Al-Maliki: Iraqis Can Keep Country Secure

Iraq's Prime Minister Nouri Al-Maliki speaks during a press conference in Baghdad, Iraq, July 14, 2007. Al-Maliki said that Iraqi forces were getting ready to take over security responsibility in Iraq but they still needed more training and equipment.
AP Photo/Ali Yusuff, Pool
Prime Minister Nouri al-Maliki said Saturday that the Iraqi army and police are capable of keeping security in the country when American troops leave "any time they want," though he acknowledged the forces need further weapons and training.

The embattled prime minister sought to show confidence at a time when pressure in the U.S. Congress is growing for a withdrawal and the Bush administration reported little progress had been made on the most vital of a series of political reforms it wants al-Maliki to carry out.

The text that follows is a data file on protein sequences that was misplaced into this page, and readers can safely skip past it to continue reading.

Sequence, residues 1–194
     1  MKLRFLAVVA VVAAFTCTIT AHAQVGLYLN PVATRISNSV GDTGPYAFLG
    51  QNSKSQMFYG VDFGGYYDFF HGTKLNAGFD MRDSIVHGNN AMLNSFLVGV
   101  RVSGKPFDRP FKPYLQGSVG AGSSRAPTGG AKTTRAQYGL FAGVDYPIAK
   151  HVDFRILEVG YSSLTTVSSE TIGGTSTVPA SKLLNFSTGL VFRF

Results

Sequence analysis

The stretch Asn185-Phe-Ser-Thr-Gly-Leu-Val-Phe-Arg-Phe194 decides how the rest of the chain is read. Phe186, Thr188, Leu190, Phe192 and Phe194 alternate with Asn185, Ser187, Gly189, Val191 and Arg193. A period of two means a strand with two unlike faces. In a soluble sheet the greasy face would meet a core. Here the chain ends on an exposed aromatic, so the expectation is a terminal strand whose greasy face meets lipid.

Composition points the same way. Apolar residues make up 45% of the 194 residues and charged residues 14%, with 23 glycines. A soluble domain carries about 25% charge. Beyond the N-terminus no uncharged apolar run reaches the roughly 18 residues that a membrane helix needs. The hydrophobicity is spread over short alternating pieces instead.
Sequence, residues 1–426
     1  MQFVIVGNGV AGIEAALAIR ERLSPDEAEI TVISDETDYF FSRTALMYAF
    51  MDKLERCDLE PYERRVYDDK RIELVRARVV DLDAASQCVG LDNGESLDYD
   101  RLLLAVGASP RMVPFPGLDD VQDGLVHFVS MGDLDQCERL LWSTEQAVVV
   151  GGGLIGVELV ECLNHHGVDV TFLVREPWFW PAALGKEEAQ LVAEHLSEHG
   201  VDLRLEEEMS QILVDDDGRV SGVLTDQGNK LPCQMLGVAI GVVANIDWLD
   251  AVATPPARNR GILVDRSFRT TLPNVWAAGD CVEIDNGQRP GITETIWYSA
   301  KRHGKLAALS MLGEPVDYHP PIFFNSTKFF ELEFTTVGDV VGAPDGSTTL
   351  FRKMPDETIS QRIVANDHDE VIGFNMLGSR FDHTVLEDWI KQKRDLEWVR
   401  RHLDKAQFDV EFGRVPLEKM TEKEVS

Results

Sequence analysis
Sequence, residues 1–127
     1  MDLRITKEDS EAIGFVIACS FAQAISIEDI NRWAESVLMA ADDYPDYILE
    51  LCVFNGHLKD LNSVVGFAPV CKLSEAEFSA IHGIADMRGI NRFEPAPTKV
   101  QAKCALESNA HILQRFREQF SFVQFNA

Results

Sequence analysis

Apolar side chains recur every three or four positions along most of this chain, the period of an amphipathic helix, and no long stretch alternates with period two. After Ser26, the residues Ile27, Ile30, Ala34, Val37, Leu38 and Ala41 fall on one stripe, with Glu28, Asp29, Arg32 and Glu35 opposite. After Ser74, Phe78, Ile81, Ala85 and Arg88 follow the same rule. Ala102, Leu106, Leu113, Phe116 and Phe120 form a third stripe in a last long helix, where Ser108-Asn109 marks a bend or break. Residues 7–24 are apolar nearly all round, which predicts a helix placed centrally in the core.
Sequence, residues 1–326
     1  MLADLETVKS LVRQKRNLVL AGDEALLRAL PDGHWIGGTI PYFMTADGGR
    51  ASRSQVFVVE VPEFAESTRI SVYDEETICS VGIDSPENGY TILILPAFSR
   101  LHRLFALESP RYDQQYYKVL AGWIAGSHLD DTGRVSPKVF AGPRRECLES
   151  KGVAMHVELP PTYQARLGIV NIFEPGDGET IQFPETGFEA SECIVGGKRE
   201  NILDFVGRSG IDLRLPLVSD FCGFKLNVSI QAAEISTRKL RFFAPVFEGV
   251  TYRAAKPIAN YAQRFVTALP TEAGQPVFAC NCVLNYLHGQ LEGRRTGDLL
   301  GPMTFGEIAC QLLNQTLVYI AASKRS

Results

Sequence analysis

Moreover, the Pentagon on Friday conceded that the Iraqi army has become more reliant on the U.S. military. The chairman of the Joint Chiefs of Staff, Gen. Peter Pace, said the number of Iraqi batallions able to operate on their own without U.S. support has dropped in recent months from 10 to six, though he said the fall was in part due to attrition from stepped-up offensives.

Al-Maliki made his first public comments on Thursday's White House report on the reforms, saying his government needed time to enact the political benchmarks that Washington seeks. He insisted it was "fairly natural" that progress would be difficult considering the violence in Iraq and the deep divisions among its leaders.

"We need time and effort, particularly since the political process is facing security, economic and services pressures, as well as regional and international interference," he told reporters at a Baghdad press conference, without giving a timeframe.